Waiting Lists for Rental Assistance Indicate an Insufficient Availability of Housing Resources | How Housing Matters

Waiting Lists for Rental Assistance Indicate an Insufficient Availability of Housing Resources

October 19, 2016  
 
 
 

With just one in four eligible households receiving federal rental assistance, waiting lists are common and can be long. To better understand waiting lists, the National Low Income Housing Coalition surveyed housing authorities that manage public housing or voucher programs, requesting information about the size, status, wait times, and demographics of waiting lists for the programs. Over 300 housing authorities responded. The responses were weighted to account for an overrepresentation of responses from large and nonrural housing authorities.

Key findings:

  • More than 50 percent of waiting lists for vouchers were closed to new applicants, compared with 11 percent of public housing waiting lists.
  • The median wait time for vouchers (18 months) was double the median wait time for public housing (9 months).
  • The median wait time for assistance tended to be highest among large housing authorities. Among housing authorities managing more than 5,000 subsidies, the median wait for a voucher was 36 months, and the median wait for a public housing unit was 24 months. The maximum wait was 15 years.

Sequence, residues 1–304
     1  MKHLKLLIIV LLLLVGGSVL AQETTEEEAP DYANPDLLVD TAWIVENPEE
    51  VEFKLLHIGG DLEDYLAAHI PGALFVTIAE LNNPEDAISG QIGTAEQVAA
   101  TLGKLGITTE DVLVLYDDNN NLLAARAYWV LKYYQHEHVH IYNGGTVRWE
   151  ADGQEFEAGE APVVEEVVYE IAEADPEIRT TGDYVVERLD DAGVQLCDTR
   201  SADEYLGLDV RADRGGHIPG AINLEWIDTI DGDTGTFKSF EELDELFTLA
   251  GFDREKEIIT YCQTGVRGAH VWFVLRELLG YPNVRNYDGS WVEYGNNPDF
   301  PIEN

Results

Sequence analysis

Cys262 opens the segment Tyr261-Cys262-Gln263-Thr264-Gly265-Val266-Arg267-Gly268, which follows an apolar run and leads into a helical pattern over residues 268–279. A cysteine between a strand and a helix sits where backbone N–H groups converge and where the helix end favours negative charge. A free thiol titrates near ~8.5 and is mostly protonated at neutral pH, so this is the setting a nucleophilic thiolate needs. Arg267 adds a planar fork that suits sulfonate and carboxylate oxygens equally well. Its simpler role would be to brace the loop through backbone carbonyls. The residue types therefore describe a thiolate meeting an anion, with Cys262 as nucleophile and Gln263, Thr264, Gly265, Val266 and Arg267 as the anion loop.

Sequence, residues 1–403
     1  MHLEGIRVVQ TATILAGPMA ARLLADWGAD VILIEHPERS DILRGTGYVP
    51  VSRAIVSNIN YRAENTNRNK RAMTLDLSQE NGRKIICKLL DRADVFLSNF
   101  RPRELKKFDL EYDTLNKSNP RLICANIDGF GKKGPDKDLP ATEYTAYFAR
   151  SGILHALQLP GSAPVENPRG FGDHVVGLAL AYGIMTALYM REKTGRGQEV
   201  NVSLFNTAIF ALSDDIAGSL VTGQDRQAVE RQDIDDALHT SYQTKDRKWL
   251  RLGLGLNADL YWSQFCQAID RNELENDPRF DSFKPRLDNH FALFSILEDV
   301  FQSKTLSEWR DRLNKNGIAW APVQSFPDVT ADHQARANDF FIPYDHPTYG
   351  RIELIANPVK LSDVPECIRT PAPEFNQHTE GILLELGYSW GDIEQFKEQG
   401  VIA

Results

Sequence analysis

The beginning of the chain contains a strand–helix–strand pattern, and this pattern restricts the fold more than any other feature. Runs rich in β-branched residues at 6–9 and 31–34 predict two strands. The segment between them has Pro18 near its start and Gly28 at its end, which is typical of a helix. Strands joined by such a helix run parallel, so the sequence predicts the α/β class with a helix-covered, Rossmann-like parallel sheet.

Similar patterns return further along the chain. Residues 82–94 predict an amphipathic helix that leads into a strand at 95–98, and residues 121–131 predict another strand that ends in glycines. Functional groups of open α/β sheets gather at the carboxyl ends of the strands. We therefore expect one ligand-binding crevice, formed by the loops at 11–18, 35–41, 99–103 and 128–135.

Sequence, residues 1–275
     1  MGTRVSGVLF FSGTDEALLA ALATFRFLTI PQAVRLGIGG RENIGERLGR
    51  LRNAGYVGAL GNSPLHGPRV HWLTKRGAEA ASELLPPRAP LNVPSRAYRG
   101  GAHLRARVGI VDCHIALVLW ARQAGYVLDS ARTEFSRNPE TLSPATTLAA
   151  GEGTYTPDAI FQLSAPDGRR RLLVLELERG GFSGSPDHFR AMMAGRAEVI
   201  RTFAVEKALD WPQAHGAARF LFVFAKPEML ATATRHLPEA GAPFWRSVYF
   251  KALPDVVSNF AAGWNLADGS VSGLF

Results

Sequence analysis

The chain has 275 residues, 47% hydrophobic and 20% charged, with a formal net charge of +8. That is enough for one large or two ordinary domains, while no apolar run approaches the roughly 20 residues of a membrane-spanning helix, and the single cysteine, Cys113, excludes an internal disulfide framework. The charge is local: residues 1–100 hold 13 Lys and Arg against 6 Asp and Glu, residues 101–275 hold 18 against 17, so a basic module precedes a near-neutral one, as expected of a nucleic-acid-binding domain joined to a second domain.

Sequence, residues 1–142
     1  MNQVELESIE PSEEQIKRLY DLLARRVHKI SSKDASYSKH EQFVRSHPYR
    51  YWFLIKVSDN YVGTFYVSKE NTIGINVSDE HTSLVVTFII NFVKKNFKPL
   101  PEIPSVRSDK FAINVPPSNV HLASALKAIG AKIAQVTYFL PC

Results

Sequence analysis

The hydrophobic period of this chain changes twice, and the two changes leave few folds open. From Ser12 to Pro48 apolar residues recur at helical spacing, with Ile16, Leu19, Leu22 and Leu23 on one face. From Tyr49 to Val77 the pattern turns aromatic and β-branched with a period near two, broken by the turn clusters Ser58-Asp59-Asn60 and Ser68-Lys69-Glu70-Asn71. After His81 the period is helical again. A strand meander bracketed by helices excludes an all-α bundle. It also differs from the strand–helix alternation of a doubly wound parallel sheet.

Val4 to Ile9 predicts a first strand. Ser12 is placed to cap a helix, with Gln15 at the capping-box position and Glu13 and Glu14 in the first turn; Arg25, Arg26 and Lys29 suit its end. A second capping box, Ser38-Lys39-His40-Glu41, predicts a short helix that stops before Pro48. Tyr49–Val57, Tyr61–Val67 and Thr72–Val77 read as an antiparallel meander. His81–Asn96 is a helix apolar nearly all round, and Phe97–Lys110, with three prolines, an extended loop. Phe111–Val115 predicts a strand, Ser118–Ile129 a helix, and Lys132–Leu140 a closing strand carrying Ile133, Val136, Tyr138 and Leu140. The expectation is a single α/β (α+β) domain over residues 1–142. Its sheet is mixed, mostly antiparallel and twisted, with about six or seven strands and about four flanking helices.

• Extremely low income households constituted almost 74 percent of households on an average voucher waiting list. The same group accounted for more than 67 percent of households on an average public housing waiting list.
  • Families with children accounted for 60 percent of the families on an average voucher waiting list. An average waiting list for public housing was more evenly distributed. Families with children constituted 46 percent of the households, and seniors and households with at least one disability accounted for 24 and 19 percent, respectively.
  • Greater investment is needed for vouchers and public housing because of barriers to housing for voucher holders. For instance, landlords can refuse to accept housing vouchers in many markets, and voucher holders with a disability may struggle to find housing that is accessible.

Lola Booker-Brewer stands outside her home Monday, May 12, 2003. in Akron, Ohio. Booker-Brewer currently benefits from the federally funded Section 8 housing program, which helps low-income families, the elderly and the disabled pay rent for private apartments and homes they could not otherwise afford.   (AP Photo/Ron Schwane)

 

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Source: National Low Income Housing Coalition
Publication Date: 2016
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